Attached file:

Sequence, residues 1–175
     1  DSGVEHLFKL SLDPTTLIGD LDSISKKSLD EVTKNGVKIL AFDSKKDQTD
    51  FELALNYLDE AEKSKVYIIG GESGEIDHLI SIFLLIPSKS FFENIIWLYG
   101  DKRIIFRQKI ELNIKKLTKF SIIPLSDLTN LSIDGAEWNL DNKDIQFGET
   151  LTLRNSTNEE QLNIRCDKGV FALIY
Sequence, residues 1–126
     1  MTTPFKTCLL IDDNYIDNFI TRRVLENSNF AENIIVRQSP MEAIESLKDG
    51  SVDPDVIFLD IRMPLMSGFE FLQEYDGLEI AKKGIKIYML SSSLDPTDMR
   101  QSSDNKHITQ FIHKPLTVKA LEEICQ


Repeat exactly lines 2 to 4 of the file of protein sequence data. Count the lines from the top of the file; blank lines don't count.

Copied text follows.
     1  DSGVEHLFKL SLDPTTLIGD LDSISKKSLD EVTKNGVKIL AFDSKKDQTD
    51  FELALNYLDE AEKSKVYIIG GESGEIDHLI SIFLLIPSKS FFENIIWLYG
   101  DKRIIFRQKI ELNIKKLTKF SIIPLSDLTN LSIDGAEWNL DNKDIQFGET